R's felm() fixed effects vs. factor() within lm()

I am wondering why using felm's fixed effect option versus using the factor() function is different? I was under the impression they were one in the same?

I am running a panel regression where i is the a unique FIPS code and t is every quarter. The variable of interest, a binary of whether the FIPS flooded or not, is constant across time. However, my y, housing prices, varies each with each t. When I use felm()'s fixed effect option for FIPS, flooded is NA. However, using factor(FIPS), gives an estimate for the variable of interest.

I'm under the impression felm()'s fixed effect function is working correctly. Since being flooded is time constant and has no variation within a given FIPS, the fixed effect is absorbing the effect of flooding. However, I'm not sure why factor(FIPS) within the regression would return an estimate since a fixed effect essentially the same thing?

• This is maybe a better question for StackOverflow, but out of curiousity, what are the two different commands you are entering for these different results? Nov 24, 2020 at 9:13
• Yeah I was torn between where to post but I figured this forum would be more familiar with econometric theory. The one that returns an estimate: reg1 <- felm(HPI~FLOODED+ lag(dat.reg[,'HPI'],1) + factor(FIPS) | YEARxQT | 0 | FIPS, data= dat.reg). The one that returned NA: reg2 <- felm(HPI~FLOODED+ lag(dat.reg[,'HPI'],1) | FIPS+YEARxQT | 0 | FIPS, data= dat.reg).
– DPek
Nov 24, 2020 at 13:52
• Did your reg2 call give you a Warning message? Nov 25, 2020 at 6:06

You are correct in noting that, adding factor(FIPS) in side the regression formula should be equivalent to specifiying factor(FIPS) + YEARxQT in the felm() fixed effects block. I am less certain that your reg2 model that throws up the NA's is working correctly however, as that would typically throw up an error message before getting that result. Without actually seeing your data, I can only presume your issue is related to a bug, or has something very specific to do with your data.

Fortunately, there are lots of different ways to do this estimation, and it might be worth it to try this using different packages to corroborate the correct estimation and better understand what is going on with your specific use of felm().

For example, just to check, I downloaded some sample panel data and ran a FE estimation using a binary for the main regressor. I run a Least Square Dummy Variable model, a FE using the plm package, and then two versions with felm, both placing the entity fixed effect inside and outside of felm's FE block as you did in your example. In all four cases the coefficient estimate was exactly the same (which it should be).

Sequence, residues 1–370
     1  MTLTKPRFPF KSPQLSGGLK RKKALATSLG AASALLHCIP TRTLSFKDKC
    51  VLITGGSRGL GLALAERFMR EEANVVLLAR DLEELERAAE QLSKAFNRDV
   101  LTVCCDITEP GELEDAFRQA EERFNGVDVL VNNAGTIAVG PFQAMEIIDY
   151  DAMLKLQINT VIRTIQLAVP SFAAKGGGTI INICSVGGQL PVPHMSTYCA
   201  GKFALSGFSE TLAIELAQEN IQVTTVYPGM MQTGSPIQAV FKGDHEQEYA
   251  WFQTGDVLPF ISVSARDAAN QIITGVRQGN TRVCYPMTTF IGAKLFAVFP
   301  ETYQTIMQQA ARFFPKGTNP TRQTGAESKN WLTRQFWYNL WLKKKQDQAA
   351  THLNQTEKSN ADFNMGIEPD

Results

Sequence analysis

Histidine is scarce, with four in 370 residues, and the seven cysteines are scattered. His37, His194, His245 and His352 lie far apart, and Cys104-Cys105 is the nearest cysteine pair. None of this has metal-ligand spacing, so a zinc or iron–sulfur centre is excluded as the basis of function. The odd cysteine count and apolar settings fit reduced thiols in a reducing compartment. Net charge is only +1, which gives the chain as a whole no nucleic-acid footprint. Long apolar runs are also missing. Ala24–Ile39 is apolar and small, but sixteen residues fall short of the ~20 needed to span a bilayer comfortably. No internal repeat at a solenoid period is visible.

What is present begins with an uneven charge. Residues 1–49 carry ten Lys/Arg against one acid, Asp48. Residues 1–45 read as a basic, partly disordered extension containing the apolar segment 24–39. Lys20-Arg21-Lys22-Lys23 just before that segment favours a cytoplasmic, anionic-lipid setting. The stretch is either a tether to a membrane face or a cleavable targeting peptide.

library(foreign)
library(plm)
library(lfe)

modlsdv <-lm(y ~ op + factor(country) + factor(year), data=Panel)

modplm <- plm(y ~ op + factor(year), data=Panel, index=c("country", "year"), model="within")

modfelm1 <- felm(y ~ op | country + year | 0 | country, data=Panel)

#in this last model, I move the entity FE outside the FE block
modfelm2 <- felm(y ~ op + factor(country) | year | 0 | country, data=Panel)


I only show the coefficient of interest as all the factored-out variables take up a lot of space, but you can see below that they are all equivalent (apart from the SE's in the felm models being different because of how they were clustered).

────────────────────────────────────────────────────────────────────────────
LSDV           plm           felm1          felm2
─────────────────────────────────────────────────────────────
(Intercept)    419655690.33
3
(1320579554.
769)
op             -1434277502.   -1434277502.   -1434277502.   -1434277502.
244            244              244            244
*            *
(771947977.3   (771947977.3   (524652684.0   (594276313.4
01)            01)            46)          03)
─────────────────────────────────────────────────────────────
N                  70             70             70           70
R2                  0.386          0.264          0.386        0.386
logLik          -1609.649                     -1609.649     -1609.649

AIC              3255.298                      3255.298     3255.298
──────────────────────────────────────────────────────────────────────────